One of the things I was really glad to have when I was diagnosed with an incurable cancer in 2007, was my faith – the knowledge that the Lord was with me as part of my suite of tools to get me through it.
A diagnosis of cancer at any age is shocking and brutal. For me, a diagnosis of cancer at age 38 with two young children (aged 9 and 2) made me start to question what it’s all about. Is there a God? Where was God in all this? How could he allow this to happen? Why was my existence being threatened? Was I going to be around to see my children growing up? Was I going to get to grow old with my husband?
In the early days of my diagnosis a priest came to see me in hospital and he brought me a gift of a photo frame in which he had included the following piece of scripture from Corinthians:
“You can trust God not to be tried beyond your strength
and with every trial he will give you a way out of it and the strength to bear it…”
There are no other words that best describe how I felt about my faith in those first days and weeks after my diagnosis. It was the perfect pull-quote for me in that moment and ever since, that I can trust God not to be tried beyond my strength. What a wonderful piece to read, and, because of my lens of faith, to believe.
After my initial diagnosis and due to the risk of infection I was unable to go to Mass. There was a time, too, in the early days after the diagnosis, when I could not pray. I literally could not find the words, could not find the space inside my head to get my prayers out.
But I knew that people were praying for me – I was told so in the cards and letters I received every day. There was a whole faith community praying for me and willing me to get well.
Eventually I did find the words again and I was able to talk to God. I was able to bring things to him – like my fears and despairs – that for a time I could not verbalise to anyone else.
People ask me all the time how I can live with the knowledge that my life is maybe going to be shorter than I would have liked. The answer is quite simple – I have to! I am a Mum and a wife, a sister, an aunt, a friend, a soprano in a choir and a work colleague. These are things I am not going to give up on easily.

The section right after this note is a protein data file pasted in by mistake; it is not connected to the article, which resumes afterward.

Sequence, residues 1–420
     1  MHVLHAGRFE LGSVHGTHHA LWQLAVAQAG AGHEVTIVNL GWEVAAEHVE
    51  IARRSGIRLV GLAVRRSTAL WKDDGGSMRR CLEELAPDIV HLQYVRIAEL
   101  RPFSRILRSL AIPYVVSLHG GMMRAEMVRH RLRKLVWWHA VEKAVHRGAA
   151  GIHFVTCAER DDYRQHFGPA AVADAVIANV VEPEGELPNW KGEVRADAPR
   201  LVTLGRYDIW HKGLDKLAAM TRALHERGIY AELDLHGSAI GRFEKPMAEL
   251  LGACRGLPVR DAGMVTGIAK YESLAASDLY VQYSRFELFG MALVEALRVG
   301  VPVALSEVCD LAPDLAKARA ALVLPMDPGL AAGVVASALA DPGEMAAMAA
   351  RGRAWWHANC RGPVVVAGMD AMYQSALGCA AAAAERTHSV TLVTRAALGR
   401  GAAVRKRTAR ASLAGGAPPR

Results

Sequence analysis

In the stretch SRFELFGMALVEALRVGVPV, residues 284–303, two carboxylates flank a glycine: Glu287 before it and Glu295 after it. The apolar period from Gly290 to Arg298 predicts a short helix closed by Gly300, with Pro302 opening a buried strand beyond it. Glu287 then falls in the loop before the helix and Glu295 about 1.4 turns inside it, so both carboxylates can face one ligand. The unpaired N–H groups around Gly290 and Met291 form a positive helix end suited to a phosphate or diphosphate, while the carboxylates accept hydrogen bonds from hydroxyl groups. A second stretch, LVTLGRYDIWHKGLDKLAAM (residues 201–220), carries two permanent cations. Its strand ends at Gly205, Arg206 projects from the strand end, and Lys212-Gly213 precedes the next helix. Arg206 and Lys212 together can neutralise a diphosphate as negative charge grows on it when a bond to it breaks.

But, living with an incurable illness is not without its challenges. Some days it is very difficult to have to visualise how my kids will manage without a mum if the worst should happen. But I don’t get to dwell on it too long as the practicalities of life and the demands of being a busy working mum take over.
I do worry about the future and I sometimes have to battle to keep the cancer from taking over my every thought. Most days I am calm about it. Faith helps me enormously every day and especially on the down days.
I am determined to keep going and I have many a milestone I want to be here for and thank God there are many I have been able to tick off during the past ten years of remission I have had. I am so grateful to have been here for the thousands of joyous milestones I have had with my children and with my husband.
Since my diagnosis the thing I love most about my husband is his belief that we will grow old together. The other day we were watching this couple in their eighties negotiating the grocery shopping and they looked like an older version of us. Bryan looked at me and said ‘that will be us in another few years’.
Our marriage is a gift from God and my illness has made it and us stronger. I just love Bryan’s belief and the fact that he visualises a life with me rather than without me! He makes me love him more every day for that.
Death is a part of life for all of us and for those living with an incurable illness it is something we find ourselves having to face into sooner than we would have liked. I take comfort in the knowledge that there is a room for me in my father’s house. That particular passage from John’s Gospel has always been a favourite of mine – “There are many rooms in my father’s house…”
Having faith helps me to process and to bear this particular cross of serious illness. Having faith is a tremendous source of comfort. Having faith helps me pick myself up each time I am knocked down by something to do with my illness. Having faith is non-negotiable for me.
Pope Francis wrote a beautiful reflection about sickness and suffering and his words have stayed with me. He said:
“To suffer with patience is not easy. It is not easy whether the difficulties come from without or are problems with the heart, the soul or internal problems. But to suffer he said is not simply to bear something with a difficulty
To suffer is to take the difficulty and to carry it with strength, so that the difficulty does not drag us down. To carry it with strength: this is a Christian virtue. This means we do not let ourselves be overcome by difficulties. This means that the Christian has the strength not to give up, to carry difficulties with strength…”
My hope and my prayer is to have the strength to take this difficulty – my illness – to carry it with strength and to remember that the Joy of the Lord is my strength always.
Brenda Drumm is Communications Officer with the Catholic Communications Office of the Irish Catholic Bishops’ Conference. She presents a weekly faith podcast called Faithcast for CatholicNews.ie, the news source for the Irish Catholic Bishops’ Conference. Brenda is a writer and a blogger and has shared her journey with serious illness on a blog called An Irish Girl Interrupted. You can follow Brenda on Twitter @BrendaDrumm.